A temporary, five-station GPS network was installed in Yellowstone National Park in response to increased heat and steam emissions in parts of Norris Geyser Basin. The network was installed by a UNAVCO engineer, University of Utah students and faculty, and National Park Service scientists as part of a monitoring effort by Yellowstone Volcano Observatory (YVO). YVO is a collaborative partnership between the U.S. Geological Survey, the University of Utah, and Yellowstone National Park. Changes that lead to the special deployment within Norris Geyser Basin included the formation of new mud pots, changes in geyser activity, and significantly increased ground temperatures of up to 200 degrees Fahrenheit. The GPS network is complemented by a 7-station array of seismic broadband seismographs provided by the Integrated Research Institutes in Seismology (IRIS). GPS and seismic instruments were co-located where possible. The current activity in Norris Geyser Basin provides an excellent opportunity to quantitatively document and better understand hydrothermal disturbances and possible seismic sources associated with active volcanic systems. Given the strict environmental considerations for operating within the national park, minimal monumentation included 6-inch stainless steel pins epoxied in a drill hole flush with the ground surface at each site. The GPS receivers were Trimble 5700 instruments with a Zephyr antenna, powered by one 100 amp-hour battery charged by camouflaged, 35-Watt solar panels. Where possible, a spike mount set-up was used for mounting and stabilizing the GPS antenna. The result is a very low-profile installation, an important consideration in a national park.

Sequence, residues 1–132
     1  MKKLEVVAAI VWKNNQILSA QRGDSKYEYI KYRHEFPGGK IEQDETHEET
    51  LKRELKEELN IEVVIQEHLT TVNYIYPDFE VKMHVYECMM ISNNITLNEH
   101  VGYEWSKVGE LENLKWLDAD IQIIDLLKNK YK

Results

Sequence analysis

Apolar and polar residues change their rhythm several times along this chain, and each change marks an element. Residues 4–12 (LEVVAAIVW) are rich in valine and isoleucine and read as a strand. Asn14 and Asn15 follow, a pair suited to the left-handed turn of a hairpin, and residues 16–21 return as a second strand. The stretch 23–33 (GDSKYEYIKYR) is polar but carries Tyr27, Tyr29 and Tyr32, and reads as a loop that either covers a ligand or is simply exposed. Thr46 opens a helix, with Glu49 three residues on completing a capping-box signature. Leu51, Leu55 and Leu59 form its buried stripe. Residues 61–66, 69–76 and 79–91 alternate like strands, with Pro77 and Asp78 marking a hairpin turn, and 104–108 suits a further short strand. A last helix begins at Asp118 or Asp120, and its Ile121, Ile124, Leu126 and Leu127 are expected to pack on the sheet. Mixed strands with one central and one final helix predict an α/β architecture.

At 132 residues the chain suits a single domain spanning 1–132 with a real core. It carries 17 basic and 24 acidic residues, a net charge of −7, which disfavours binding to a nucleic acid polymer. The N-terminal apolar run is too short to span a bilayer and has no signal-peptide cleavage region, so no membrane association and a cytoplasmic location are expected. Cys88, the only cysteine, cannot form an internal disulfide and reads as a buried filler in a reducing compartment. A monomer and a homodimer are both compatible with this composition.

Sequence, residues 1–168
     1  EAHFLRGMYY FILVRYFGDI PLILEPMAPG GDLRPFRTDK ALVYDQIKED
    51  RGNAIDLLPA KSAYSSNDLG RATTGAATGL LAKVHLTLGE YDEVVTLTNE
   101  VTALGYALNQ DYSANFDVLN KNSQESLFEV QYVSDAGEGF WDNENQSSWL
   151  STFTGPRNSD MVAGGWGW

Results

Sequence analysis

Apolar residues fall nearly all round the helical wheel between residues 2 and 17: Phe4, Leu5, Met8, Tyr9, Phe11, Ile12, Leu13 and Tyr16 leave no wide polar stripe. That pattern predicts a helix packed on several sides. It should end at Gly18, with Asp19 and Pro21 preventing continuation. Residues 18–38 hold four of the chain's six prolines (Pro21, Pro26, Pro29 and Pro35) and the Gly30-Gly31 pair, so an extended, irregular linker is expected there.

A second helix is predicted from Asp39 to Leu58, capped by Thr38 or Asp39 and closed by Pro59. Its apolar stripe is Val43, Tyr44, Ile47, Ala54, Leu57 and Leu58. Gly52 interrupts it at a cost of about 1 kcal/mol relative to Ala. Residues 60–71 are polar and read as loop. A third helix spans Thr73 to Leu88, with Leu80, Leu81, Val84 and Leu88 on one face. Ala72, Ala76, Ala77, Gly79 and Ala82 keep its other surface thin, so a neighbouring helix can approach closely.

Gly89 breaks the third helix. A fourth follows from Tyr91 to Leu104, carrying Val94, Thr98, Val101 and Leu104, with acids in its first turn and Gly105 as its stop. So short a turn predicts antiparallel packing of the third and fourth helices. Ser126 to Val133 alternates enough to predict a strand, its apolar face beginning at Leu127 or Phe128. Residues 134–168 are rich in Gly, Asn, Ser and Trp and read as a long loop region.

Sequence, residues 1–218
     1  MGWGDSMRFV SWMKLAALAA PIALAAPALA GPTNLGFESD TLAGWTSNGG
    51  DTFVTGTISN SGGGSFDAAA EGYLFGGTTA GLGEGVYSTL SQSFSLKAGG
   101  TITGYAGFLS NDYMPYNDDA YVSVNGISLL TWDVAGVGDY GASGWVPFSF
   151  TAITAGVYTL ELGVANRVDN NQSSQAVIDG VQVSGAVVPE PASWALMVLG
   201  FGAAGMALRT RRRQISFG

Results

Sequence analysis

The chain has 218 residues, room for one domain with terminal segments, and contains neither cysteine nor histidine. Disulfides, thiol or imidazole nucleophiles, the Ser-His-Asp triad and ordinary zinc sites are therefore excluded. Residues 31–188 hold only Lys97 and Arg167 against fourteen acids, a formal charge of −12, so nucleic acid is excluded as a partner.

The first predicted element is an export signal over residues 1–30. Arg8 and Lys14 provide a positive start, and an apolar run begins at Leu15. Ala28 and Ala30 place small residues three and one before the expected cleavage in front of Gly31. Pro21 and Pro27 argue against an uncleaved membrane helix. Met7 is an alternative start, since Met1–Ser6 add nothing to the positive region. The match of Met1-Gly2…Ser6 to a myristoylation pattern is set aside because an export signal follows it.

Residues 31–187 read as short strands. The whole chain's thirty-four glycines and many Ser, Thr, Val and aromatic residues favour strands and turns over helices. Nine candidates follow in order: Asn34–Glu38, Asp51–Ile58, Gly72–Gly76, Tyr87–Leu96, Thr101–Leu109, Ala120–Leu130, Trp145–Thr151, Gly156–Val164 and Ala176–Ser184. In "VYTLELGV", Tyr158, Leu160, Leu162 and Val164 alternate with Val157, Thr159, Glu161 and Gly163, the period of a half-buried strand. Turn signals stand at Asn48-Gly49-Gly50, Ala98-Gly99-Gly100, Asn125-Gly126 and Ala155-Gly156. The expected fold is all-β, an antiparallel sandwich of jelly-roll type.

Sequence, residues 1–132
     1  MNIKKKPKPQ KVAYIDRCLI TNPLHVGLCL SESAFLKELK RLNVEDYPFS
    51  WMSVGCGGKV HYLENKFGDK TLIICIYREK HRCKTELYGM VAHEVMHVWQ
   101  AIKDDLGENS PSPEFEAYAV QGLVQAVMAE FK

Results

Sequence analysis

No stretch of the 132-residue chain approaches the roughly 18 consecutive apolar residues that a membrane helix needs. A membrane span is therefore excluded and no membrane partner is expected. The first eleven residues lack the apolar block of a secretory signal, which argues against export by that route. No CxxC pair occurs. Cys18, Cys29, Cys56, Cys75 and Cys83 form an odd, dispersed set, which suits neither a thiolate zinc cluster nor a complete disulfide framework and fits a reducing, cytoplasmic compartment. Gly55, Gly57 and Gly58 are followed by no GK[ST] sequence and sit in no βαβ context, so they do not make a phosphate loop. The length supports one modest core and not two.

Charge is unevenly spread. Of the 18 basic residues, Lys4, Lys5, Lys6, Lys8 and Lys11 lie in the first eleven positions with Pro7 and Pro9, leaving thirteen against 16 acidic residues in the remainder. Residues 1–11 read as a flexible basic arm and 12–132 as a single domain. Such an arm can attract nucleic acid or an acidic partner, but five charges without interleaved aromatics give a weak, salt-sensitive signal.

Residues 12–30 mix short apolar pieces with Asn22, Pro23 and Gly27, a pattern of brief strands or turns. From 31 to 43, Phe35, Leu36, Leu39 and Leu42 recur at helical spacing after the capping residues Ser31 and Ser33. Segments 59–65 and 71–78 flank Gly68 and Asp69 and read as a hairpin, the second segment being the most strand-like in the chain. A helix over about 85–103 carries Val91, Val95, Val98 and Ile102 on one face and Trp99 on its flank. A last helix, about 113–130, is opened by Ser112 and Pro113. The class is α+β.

Last modified: 2020-01-28 22:54:08 America/Denver